Six days after departing UN summit in New York, Tinubu yet to arrive in Nigeria
The State House declined comments about Mr Tinubu’s itinerary. But senior administration officials said he was dealing with strategic issues in Paris.
Six days after leaving New York in the United States, where he attended the 78th UN General Assembly (UNGA), President Bola Tinubu has still not made it back to Nigeria, leaving Nigerians wondering about his whereabouts and stoking rumours that the president does not consider himself as being accountable to the people he was elected to serve.
Mr Tinubu arrived in New York on September 18 and departed the U.S. last Thursday around 8:25 p.m. local time using the JFK airport. But he has, so far, failed to communicate his itinerary to Nigerians, a pattern all too similar to that of his predecessor, Muhammadu Buhari, notorious for extended stay outside the country.
The State House declined comments about Mr Tinubu’s itinerary. But senior administration officials said he was dealing with strategic issues in Paris and would return to the country by the end of this week.
“We understand that the president is tending to important matters and holding strategic meetings in Paris, and he will be returning to the country before the end of this week,” a senior official, familiar with Mr Tinubu’s itinerary, told Peoples Gazette on Wednesday.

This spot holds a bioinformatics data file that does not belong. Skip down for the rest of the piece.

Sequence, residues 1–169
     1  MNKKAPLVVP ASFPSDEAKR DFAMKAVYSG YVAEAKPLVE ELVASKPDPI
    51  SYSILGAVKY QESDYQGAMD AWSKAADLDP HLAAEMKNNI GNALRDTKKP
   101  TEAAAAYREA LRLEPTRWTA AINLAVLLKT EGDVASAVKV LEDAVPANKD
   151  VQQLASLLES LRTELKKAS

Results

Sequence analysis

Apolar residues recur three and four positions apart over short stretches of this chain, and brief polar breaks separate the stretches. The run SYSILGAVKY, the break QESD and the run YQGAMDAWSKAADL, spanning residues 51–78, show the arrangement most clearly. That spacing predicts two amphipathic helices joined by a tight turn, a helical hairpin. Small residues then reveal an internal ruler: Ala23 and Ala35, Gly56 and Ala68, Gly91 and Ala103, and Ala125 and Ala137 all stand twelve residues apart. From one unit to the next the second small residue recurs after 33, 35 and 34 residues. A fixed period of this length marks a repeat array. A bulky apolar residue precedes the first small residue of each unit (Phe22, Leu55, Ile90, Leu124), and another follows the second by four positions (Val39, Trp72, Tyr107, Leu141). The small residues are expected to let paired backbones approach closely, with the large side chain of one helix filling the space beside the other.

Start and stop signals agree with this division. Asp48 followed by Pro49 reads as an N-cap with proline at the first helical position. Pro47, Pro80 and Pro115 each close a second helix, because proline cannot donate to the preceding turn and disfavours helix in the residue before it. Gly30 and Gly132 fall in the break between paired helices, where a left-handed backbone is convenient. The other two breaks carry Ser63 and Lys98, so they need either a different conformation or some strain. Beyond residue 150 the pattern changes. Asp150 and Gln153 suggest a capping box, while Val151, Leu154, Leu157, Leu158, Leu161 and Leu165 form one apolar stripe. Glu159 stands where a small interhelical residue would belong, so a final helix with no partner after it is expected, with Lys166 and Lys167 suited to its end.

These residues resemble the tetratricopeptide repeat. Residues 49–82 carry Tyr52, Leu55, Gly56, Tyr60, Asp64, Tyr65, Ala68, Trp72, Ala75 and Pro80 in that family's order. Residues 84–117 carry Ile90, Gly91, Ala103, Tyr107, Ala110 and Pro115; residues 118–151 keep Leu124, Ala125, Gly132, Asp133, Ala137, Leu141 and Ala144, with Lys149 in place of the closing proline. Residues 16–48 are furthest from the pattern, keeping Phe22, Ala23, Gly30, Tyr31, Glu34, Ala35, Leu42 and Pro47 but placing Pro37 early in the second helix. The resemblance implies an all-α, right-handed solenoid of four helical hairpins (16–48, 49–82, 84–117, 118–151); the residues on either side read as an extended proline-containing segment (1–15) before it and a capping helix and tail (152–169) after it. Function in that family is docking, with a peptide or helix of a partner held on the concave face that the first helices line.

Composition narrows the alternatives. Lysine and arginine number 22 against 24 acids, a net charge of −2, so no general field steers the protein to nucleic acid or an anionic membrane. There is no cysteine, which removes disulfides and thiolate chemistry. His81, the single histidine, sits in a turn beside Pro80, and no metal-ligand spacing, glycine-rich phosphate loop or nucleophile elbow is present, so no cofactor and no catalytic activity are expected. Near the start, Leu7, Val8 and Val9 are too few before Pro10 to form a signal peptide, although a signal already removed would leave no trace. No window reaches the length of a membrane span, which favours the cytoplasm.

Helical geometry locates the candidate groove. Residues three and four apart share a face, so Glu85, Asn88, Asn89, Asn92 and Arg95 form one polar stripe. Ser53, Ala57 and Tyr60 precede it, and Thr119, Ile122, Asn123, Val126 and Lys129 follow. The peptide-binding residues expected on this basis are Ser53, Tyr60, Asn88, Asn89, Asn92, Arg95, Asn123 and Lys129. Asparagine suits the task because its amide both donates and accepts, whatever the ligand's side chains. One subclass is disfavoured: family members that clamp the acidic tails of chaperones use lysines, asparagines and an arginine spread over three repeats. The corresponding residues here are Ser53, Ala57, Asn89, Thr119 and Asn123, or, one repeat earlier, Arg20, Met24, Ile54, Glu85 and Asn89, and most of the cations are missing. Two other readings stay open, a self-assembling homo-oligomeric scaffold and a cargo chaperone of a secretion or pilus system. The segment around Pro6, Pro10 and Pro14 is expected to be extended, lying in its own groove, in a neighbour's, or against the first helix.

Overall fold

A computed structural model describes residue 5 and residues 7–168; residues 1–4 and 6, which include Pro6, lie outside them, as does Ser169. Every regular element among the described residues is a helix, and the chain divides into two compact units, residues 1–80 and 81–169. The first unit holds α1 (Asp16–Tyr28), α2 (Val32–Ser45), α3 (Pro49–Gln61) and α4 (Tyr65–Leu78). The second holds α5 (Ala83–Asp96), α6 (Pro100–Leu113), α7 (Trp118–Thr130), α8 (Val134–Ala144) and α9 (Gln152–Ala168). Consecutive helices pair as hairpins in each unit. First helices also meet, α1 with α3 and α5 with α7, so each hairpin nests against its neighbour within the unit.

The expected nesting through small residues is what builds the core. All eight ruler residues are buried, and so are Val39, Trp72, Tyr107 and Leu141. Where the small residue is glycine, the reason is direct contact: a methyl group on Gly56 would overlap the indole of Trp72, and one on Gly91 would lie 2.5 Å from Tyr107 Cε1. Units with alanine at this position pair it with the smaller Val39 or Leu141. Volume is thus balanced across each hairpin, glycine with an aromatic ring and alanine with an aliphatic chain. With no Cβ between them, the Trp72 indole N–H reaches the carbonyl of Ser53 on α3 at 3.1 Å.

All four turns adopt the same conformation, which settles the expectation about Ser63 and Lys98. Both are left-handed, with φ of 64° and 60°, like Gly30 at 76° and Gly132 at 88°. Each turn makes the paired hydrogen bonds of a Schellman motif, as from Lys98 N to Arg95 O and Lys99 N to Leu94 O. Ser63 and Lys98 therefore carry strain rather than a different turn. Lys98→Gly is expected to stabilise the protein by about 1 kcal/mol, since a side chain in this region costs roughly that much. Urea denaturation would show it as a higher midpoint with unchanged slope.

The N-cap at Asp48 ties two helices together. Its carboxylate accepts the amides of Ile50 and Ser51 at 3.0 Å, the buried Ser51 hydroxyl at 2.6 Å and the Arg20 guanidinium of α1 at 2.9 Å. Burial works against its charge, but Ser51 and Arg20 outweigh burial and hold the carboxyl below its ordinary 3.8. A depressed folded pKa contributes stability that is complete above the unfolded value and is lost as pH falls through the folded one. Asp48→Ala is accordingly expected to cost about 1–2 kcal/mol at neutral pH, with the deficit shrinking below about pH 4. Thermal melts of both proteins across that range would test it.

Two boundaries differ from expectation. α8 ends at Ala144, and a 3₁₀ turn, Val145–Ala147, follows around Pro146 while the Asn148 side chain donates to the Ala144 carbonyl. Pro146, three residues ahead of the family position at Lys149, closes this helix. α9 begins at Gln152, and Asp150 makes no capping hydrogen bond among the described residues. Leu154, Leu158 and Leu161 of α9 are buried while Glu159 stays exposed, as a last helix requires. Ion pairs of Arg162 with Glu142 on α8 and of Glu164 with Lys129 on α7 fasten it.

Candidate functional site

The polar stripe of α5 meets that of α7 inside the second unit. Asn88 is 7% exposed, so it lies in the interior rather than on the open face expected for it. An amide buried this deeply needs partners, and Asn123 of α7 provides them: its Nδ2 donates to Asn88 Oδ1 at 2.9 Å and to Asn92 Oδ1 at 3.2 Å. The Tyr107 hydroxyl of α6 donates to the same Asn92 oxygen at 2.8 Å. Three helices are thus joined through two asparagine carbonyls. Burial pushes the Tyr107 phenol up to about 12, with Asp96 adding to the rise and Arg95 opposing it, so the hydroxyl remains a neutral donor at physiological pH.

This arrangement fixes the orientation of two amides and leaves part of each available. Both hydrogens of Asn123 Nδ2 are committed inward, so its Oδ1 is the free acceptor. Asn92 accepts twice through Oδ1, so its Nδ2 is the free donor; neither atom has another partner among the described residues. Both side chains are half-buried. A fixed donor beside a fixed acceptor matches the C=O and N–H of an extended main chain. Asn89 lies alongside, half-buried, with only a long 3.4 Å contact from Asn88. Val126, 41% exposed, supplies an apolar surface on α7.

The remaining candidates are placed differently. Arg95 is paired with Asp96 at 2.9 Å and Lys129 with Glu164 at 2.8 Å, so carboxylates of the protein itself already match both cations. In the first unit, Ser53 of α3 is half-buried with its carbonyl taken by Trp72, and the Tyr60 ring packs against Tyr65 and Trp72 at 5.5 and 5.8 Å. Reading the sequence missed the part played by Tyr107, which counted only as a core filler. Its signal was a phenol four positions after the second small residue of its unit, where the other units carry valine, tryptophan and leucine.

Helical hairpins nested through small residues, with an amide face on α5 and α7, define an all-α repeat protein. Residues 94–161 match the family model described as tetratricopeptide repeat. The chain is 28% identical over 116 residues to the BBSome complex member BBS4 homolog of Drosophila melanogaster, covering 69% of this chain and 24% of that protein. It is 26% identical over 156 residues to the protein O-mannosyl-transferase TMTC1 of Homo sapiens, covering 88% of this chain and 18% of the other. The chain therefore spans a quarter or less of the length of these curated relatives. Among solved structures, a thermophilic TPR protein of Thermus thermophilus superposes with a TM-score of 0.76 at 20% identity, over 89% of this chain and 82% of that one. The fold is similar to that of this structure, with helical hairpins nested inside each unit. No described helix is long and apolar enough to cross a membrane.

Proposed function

The State House deliberately failed to reveal when the president would return after his trip to New York to attend the UN General Assembly. There was no mention of his plan to linger in Paris for over a week after concluding his assignment in New York.
Mr Tinubu’s lack of communication might be perceived as a lack-lustre attitude that mirrors that of Mr Buhari, the ex-president, who did not see the need to explain his whereabouts and brazenly gallivanted around the globe, leaving his media aides befuddled and scrambling for the best way to defend their principal to the public.
Mr Buhari’s frequent and prolonged overseas trips made critics deride him as a “remote president.”
Mr Buhari’s presidency, with reckless spending and unproductive policies, plunged the nation’s economy into dire straits.
Since Tuesday, the naira has been trading at N1000 to one dollar, signposting Mr Tinubu’s flopped experiment to float the national currency.
Despite Mr Tinubu’s repeated assertions that he is different from his predecessor, his actions demonstrate that the apple doesn’t fall too far from the tree.